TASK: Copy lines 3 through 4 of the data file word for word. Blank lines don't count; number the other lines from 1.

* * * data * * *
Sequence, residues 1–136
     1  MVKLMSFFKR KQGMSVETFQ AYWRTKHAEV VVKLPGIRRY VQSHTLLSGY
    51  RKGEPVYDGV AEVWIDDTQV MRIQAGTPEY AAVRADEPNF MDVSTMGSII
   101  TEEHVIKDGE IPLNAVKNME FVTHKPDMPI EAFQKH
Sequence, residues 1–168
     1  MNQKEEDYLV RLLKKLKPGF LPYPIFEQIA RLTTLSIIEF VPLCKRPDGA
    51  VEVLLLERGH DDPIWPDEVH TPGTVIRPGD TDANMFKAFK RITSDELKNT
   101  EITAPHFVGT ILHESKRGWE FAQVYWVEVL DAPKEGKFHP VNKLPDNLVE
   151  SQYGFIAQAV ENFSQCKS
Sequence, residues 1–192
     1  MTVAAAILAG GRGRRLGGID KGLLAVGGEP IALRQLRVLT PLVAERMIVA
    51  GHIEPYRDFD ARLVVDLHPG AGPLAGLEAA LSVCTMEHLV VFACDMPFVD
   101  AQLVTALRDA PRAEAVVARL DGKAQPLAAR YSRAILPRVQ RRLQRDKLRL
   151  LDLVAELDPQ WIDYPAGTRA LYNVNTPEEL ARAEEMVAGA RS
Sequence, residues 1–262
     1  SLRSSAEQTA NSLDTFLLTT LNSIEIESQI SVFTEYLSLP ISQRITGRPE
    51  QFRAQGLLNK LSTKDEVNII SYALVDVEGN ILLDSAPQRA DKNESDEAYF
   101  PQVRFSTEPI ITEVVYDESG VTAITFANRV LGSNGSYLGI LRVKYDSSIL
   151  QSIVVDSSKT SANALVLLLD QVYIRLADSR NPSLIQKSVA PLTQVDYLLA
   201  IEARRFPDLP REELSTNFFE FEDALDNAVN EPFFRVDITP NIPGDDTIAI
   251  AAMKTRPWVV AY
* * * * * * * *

    51  RKGEPVYDGV AEVWIDDTQV MRIQAGTPEY AAVRADEPNF MDVSTMGSII
   101  TEEHVIKDGE IPLNAVKNME FVTHKPDMPI EAFQKH